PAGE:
Perhaps even more glaring is the farcical way in which the City insists they can reach a compromise on this issue...with Arnold Abbott. Not the other plaintiffs in the lawsuit, nor any of the dozens of other people who are sharing food with the homeless downtown with little regard for City ordinances, or, most of all, the homeless people who need this aid in the first place.

It really goes to show how apathetic, disengaged, and facile the City is that, after all these months, they continue to act like this entire dispute involves one person alone. More than anything it proves that this law is doomed to failure.

More court updates and info about sharings downtown during Christmas coming up next.

Friday, December 19, 2014

Is The Sharing Ban Back?

Homeless advocates had a confusing past 24 hours as a couple of news reports surfaced that the sharing ban is maybe a thing again.

At this point there is a still a lot of uncertainty, but Fort Lauderdale Food Not Bombs' Friday sharing went on as if everything was normal. So far it appears that if enforcement is going to resume it will hopefully wait until another court hearing in the Arnold Abbott case, which will take place some time on Monday. Will Van Netta, who was cited for sharing food at Food Not Bombs on November 14th, will also have his first court hearing Monday.

The confusion appears to be a result of the City's decision to appeal the previous court ruling Wednesday night at the City Commission. See Commissioner Dean Trantalis' conciliatory statement against appealing the case from Wednesday:

Another Lawsuit Filed

Reverend Gail Tapscott of the Unitarian Universalist Church of Fort Lauderdale has also filed a lawsuit against the City's sharing ban. Here's some of their press release from this week:

As a minister in a denomination that provides a spiritual home and a social justice forum for both believers and non-believers, Rev. Tapscott and Rabbi Silver think that her suit will bring some slightly different perspectives that will add to and enhance the scope of the suits already filed on behalf of other plaintiffs such as Arnold Abbot of Love Thy Neighbor, Rev. Canon Mark Sims and Rev. Dwayne Black. Although Rev. Tapscott has not been arrested or cited in relation to laws prohibiting public food sharing with the homeless citizens, she has put herself in a position to be cited and she fully intends to continue to exercise her moral right to act out of compassion for the less fortunate into the future. Rev. Tapscott and her attorney Rabbi Silver are also acting out of concern for the right of those not protected by religious affiliation to feed the hungry, They also believe that for many people on the street, especially veterans, churches and for that matter any enclosed space may not be a safe place in which to receive help.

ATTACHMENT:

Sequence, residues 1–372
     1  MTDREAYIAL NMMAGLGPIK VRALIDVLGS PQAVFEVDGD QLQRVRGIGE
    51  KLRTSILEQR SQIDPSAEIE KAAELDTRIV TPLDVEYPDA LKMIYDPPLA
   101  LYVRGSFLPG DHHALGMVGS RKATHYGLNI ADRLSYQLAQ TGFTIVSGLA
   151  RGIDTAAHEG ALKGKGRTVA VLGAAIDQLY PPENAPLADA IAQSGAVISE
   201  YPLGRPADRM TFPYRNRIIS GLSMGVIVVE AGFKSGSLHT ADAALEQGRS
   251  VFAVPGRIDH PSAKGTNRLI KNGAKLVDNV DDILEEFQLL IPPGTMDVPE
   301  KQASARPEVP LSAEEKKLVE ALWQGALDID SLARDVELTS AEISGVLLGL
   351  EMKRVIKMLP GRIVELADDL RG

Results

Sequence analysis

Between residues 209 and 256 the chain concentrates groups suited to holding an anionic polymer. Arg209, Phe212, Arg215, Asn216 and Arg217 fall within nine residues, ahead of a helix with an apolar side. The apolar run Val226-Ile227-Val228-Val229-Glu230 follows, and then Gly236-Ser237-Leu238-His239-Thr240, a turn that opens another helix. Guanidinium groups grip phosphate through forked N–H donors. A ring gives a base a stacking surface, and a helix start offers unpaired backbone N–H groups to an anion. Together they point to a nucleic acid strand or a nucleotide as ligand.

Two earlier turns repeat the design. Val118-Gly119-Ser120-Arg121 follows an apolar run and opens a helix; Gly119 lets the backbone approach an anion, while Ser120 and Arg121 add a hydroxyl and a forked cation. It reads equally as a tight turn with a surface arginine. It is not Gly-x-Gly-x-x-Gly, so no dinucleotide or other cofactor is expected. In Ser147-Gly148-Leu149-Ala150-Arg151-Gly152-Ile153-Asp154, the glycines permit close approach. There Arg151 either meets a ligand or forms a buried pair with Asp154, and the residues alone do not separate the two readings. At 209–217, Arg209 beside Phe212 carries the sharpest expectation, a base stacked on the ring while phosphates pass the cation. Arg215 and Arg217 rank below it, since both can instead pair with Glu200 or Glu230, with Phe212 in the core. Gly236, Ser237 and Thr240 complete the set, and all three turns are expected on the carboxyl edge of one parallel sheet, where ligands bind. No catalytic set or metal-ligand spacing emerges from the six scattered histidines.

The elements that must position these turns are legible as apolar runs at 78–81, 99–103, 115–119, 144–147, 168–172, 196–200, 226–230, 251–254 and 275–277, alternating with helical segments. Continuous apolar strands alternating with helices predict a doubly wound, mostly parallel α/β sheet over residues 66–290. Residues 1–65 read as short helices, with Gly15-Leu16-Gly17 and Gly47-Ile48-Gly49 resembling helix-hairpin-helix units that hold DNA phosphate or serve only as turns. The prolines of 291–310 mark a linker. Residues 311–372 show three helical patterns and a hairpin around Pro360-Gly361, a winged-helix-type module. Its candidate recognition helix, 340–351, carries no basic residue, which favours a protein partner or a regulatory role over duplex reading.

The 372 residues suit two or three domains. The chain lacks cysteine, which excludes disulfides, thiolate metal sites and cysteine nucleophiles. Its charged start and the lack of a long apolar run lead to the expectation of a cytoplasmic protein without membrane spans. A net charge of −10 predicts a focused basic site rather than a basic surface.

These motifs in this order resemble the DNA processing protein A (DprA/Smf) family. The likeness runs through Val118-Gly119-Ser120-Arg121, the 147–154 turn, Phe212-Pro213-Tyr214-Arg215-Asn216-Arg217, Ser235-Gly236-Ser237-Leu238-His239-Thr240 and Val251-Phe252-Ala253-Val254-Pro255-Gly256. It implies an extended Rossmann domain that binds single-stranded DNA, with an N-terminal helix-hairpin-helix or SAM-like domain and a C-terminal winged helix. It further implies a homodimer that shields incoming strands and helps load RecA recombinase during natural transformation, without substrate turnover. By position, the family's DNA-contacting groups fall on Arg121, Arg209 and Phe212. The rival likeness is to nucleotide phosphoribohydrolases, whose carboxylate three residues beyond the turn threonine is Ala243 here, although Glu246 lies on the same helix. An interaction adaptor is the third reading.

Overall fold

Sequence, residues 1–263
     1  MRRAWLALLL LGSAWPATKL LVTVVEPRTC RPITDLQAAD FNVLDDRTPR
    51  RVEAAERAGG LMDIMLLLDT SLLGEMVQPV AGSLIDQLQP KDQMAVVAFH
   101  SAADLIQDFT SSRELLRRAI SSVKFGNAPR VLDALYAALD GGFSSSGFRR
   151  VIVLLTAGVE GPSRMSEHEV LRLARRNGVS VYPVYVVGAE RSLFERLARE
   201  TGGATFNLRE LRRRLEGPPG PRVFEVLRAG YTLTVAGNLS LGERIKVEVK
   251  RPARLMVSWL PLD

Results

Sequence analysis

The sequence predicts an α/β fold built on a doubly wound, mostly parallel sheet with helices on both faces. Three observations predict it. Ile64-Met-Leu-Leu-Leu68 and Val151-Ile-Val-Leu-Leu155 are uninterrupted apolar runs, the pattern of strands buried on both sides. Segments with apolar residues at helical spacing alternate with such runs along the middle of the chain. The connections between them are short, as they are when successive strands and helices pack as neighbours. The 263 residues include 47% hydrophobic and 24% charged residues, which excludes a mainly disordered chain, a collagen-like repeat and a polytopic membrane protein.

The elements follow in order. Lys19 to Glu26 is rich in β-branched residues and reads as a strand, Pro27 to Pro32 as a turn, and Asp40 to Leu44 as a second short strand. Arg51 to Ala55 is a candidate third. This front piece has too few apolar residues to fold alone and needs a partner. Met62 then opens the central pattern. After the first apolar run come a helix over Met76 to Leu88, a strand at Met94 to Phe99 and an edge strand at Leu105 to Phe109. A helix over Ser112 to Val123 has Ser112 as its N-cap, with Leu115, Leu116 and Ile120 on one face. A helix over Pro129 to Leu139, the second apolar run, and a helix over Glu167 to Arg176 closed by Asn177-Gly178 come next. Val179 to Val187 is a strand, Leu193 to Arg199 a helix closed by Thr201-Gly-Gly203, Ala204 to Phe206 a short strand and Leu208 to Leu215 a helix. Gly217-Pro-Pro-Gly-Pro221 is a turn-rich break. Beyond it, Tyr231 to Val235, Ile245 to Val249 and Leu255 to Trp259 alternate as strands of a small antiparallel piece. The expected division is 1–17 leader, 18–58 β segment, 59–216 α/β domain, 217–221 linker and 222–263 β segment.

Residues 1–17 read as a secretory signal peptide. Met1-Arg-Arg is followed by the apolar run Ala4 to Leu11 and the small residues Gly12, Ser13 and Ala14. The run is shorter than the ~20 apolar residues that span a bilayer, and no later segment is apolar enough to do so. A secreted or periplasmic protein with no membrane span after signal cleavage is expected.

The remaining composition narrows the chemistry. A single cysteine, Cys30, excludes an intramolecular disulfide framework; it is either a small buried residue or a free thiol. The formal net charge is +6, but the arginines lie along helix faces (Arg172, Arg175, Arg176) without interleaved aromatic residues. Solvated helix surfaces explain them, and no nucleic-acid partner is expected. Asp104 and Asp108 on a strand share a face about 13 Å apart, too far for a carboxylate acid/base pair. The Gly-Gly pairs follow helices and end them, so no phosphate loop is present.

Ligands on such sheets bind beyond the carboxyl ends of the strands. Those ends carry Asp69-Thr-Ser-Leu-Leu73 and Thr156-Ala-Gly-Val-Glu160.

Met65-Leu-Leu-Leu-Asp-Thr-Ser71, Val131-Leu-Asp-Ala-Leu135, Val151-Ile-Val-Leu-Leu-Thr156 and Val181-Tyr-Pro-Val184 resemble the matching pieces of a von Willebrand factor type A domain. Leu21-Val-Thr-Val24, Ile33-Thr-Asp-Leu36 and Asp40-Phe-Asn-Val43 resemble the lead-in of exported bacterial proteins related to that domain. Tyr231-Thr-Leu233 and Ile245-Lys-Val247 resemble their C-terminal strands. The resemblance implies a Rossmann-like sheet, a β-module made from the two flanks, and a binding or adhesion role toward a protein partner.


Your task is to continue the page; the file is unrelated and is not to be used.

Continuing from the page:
Broward's local Quakers' organization, The Fort Lauderdale Friends Meeting, also put out a statement to the City in opposition to the ban.  Read it here. Expect more news about the status of the sharing ban and further expected lawsuit filings on Monday.

Sunday, December 14, 2014

Besieged City Can Only Hope for A New Year

As the year draws to a close, the City will be spending its time preparing for a long and  probably costly court battle over the sharing ban. It also faces the possibility of continuing disruptive street protests in downtown Fort Lauderdale as a result of the nation's crisis with unaccountable police killings.

Final City Commission of the Year 

The City will be voting on 2 consent motions this Wednesday at  City Hall at 6 pm,  one to appeal the court order to stay enforcement of the sharing  ban, and another to hire a law firm to represent the  City in Arnold P. Abbott and Love Thy Neighbor Fund, Inc. v. City of Fort Lauderdale, which also includes Pastor Mark Sims & Dwayne Black. 

As it stands the injunction against the sharing ban is still only good until January 5th. Further court hearings could make these injunctions more or less permanent as the cases proceed, but this has not yet happened.

Shut It Down Round 2

As food sharings downtown return to a somewhat normal state, the status quo in downtown has not. For the 2nd Saturday in a row, protesters angry with the  lack of accountability for killer cops and a racially biased criminal justice system took to the streets. While the protest mostly centered around Las Olas and Broward Blvd's, the situation was much more unusual due to the Winterfest Boat Parade going on at the same time. 2 protesters were arrested and the protest was eventually forced off the street after marching down Las Olas Way alongside Riverwalk, paralleling but not blocking the Boat Parade on the New River.